sermonette
A TECHNICAL DESCRIPTION

The work she said, she said "Will you sing ‘Sermonette’ with me?" by Kitty Brazelton and Dafna Naphtali can be heard in several small excerpts on the sonar page. The performance by the digital punk trio and new music ensemble What is it Like to be a Bat? -- with Brazelton, Naphtali and drummer/percussionist Danny Tunick was recorded live at the Southern Theater in Minneapolis and mastered by Dafna Naphtali using ProTools. Instrumentation includes electric bass (Brazelton), electric guitar (Naphtali), drums (Tunick), and 2 sopranos (Brazelton and Naphtali). In addition both women contribute their own versions of computer music to the mix as described below.

Formally, the piece consists of 8 short and highly contrasting sections–

"a montage of extremes"–followed by a "trance" section that incorporates more slowly changing textures, sound/silence interspersed with folk inspired melodies, traditional rock settings and decidedly synthetic ambiences created using both live and pre-processed (on DAT) sounds. The piece is both highly composed (please see the score) and still incorporates improvisation as the repetition of sonic elements and melodic fragments at various times creates a collage effect of overlapping and constantly changing Tectonic plates.

Computer synthesis and processing, of source recordings from members of Bat, was done by Kitty Brazelton on a Silicon Graphics Workstation to create the ambient DAT tape that underscores various sections of the piece. Software used included CMIX (for granular synthesis and comb filtering, etc.), and Mixx. The processed and unprocessed on the tape includes many examples of often ignored or unnoticed ambient noises (guitar hum, overemphasized tape hiss, digital clicks, etc..) and these too become part of the overall texture that is created.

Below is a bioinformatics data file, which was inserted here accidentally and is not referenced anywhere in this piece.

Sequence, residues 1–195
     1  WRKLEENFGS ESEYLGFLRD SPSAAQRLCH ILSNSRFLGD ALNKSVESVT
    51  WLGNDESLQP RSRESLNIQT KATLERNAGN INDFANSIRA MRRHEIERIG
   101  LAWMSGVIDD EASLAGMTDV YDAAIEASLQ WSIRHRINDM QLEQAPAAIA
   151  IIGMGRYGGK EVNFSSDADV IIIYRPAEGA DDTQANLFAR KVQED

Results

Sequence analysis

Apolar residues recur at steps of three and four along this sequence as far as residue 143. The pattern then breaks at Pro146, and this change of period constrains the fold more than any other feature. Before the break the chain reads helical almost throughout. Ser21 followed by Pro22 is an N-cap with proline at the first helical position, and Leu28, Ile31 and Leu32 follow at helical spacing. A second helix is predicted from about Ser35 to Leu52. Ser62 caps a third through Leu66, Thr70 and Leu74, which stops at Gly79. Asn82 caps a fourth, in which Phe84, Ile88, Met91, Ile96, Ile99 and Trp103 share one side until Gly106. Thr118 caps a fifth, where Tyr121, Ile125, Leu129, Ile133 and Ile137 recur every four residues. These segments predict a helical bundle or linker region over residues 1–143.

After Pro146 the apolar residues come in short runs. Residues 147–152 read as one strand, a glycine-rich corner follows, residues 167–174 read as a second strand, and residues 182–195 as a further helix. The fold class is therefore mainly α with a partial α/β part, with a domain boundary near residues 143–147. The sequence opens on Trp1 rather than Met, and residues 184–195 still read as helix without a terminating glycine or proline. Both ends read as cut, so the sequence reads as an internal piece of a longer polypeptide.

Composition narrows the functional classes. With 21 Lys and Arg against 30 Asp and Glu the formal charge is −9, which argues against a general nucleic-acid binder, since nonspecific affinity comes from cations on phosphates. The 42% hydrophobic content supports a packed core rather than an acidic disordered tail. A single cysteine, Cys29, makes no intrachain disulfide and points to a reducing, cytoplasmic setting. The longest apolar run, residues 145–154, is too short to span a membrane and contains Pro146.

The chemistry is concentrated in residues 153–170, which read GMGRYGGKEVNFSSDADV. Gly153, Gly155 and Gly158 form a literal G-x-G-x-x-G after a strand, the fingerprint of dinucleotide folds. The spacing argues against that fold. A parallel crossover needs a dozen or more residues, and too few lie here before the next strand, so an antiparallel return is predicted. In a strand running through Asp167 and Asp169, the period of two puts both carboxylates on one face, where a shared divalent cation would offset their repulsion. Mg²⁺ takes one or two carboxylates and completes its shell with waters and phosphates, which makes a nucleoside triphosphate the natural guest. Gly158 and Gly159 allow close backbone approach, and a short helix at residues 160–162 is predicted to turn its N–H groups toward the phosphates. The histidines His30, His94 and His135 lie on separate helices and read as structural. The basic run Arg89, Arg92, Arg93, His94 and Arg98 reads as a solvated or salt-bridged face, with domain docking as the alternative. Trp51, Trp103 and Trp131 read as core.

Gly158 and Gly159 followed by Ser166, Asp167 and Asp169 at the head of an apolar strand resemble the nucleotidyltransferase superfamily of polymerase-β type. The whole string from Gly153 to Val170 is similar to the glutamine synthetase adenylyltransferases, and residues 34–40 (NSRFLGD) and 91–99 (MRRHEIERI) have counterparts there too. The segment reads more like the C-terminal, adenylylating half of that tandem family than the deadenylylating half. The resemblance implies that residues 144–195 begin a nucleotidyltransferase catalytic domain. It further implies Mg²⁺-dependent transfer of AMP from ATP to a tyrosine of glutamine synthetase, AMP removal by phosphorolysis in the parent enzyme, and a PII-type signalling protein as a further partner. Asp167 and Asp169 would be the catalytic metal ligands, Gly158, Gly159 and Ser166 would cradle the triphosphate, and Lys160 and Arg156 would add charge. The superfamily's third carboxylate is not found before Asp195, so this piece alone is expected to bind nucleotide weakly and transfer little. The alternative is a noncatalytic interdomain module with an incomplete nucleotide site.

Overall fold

In addition to the ambient tracks on the tape, Brazelton also created audio samples for playback from an Akai S2000 sampler. These can be heard as the comb-filtered machine noises in the opening of the piece, as the background vocals in Batch 3, and throughout the piece’s semi-improvisational sections.

Live processing of audio was done by Dafna Naphtali with her custom software (written in MAX by Opcode) for control of an Eventide H3000 Effects processor. [please see screen printouts]. With her program she can control all parameters of the processing simultaneously, quickly shifting between the extreme ranges of these parameters (highest to lowest pitch shift, long to very short delay, i.e.) using a foot pedal or computer algorithm. She also saved "preset" collections of parameters which can be assigned to a MIDI pedal allowing her to sample and replay the audio in real-time as an unorthodox sampling instrument. She processes both her and Brazelton’s voices and controls parameters of the effects directly at the computer, or remotely with a foot pedal since her hands must remain free for playing guitar.

The processing is exemplified in Batch 1-2 (and in Batch 7), in her modification of the H3000 Swept Comb algorithm as she produces an enormous resonant reverb for the vocals that she tightly cuts off with the band as they start and stop, contrasting noise with resonant with total silence. In Batch 4 (and in Batch 8), using Long Digiplex algorithm, she sequenced a series of her "preset" parameter value collections to control delay time and Doppler effect. The result of processing the vocal "Ha!" is a rhythmically complex series of constantly changing noise loops that were scored and played in a hard driving unison with the drummer. Throughout the rest of the piece she continues to use this algorithm with other parameter sets to sample and repeat (and change delay of) various words phrases and vocalisms during the trance section.

Aesthetically, both the live audio processes and those on tape are combined with the live sound of our new-music-ensemble-disguised-as-a-rock-band, in ways that reflect the sharp contrasts in our own lives. We make loud noise, both as rock musicians and as computer musicians, yet we appreciate the silences in between.. As singers we sing both beautifully and at other times harshly also as reflection of our musical personalities and cultural backgrounds. All the sounds and texts used in the piece were from our own environments and lives and literally reflected our dreams...

—Dafna Naphtali, 1999


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